Pros: This show brings the “revue” theatrical style back to the masses.
Cons: Contemporary audiences may find it difficult to find a recurring theme or narrative running throughout all 24 short plays.
The artistic director of the Hampstead Theatre, Edward Hall, has pulled off a fantastic coup in persuading Michael Frayn, a theatre-maker of great renown who had all but given up active playwriting, into adapting his collection of short stories for the stage. Matchbox Theatre is a series of 24 very short plays that range from what Hall describes as “high seriousness to overt entertainment”. And this is exactly what we get.
The opening short story details the plight of a long dead husband and wife team (650 years!) in a tomb who cannot cope with the noise of a neighbouring nightclub. It is over-the-top and side-splittingly funny, and helps to set the tone for a production that is often raucous and just plain silly. Esther Coles’ portrait of a provincial gossiper who races from one topic of conversation to the next without stopping for breath is hilarious. She drags her outrageously long telephone cord all over the audience and at one point entwines it around an audience member’s neck! Tim Downie as the talk show host who loses an award to a female rival is super. Felicity Montagu and Mark Hadfield are also brilliant in their many roles. In fact, the whole cast of six are pretty superb.
However, it is hard to get used to the evening’s revue strutcure. Contemporary English theatre is not known for paying homage to this French style of comedy sketches, so at times it can be quite hard to find the point of it all. On reflection it is easy to see that the point of the productions is entertainment for entertainment’s sake – pure and simple. However, I can’t help feeling that it would have been a more rewarding and enriching experience if there was a constant narrative running through all the mini-plays.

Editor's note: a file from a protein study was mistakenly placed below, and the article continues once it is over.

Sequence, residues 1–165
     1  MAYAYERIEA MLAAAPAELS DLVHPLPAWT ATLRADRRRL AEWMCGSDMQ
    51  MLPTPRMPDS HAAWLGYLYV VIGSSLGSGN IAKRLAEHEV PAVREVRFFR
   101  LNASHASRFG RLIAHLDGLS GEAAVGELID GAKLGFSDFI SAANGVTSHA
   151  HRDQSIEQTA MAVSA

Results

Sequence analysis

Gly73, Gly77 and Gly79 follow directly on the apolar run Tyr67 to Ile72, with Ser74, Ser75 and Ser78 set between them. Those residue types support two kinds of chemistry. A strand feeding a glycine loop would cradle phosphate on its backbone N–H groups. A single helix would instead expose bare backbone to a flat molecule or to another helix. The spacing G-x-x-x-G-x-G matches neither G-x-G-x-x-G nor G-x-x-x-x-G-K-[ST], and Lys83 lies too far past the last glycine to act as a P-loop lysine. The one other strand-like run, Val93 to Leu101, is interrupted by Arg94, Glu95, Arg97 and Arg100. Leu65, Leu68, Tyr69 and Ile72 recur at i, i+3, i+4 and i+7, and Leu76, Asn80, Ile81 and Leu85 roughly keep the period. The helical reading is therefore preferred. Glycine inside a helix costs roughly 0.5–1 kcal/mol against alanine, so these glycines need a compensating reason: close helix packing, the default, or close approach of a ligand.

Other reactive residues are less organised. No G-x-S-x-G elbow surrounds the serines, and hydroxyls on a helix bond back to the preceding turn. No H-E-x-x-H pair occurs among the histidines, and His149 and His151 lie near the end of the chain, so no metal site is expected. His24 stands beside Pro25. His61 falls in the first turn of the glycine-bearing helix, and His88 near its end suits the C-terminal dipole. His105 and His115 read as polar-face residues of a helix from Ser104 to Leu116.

Michael Frayn’s talent lies in making the mundane nature of everyday existence hysterical. There is a scene in which two maths geniuses, Nina Wadia and Mark Hadfield, spend what seems an age going back and forth and spouting equations and not really talking about anything. Frayn’s final scene pokes fun at stage managers by portraying them as creatures that only come out in the dark, in a David Attenborough documentary fashion. It was possibly the best sketch of the evening.
Director Hamish McColl made the correct decision in choosing to stage the revue in the round. It established the audience as cast members for the performance. Polly Sullivan’s sparse set is effective and highly theatrical, if for the simple reason that we the audience have to use our imagination at all times.
A lot of the sketches were silly, irreverent and in some instances puerile. But this was what was admirable about the entire production. It never took itself too seriously. And it is always affirming to see a group of actors who are reveling in the process, whilst the audience are lapping it up. A welcome return for Frayn to the Hampstead Theatre, which he was so instrumental in helping to set up many years ago.
On the whole the production is a success. Some sketches are stronger than others but I guess that that is the nature of the beast.
Director: Hamish McColl
Author: Michael Frayn
Producer: Hampstead Theatre
Booking Until: 6 June 2015
Box Office: 02077229301
Booking Link: http://www.hampsteadtheatre.com/buy-tickets/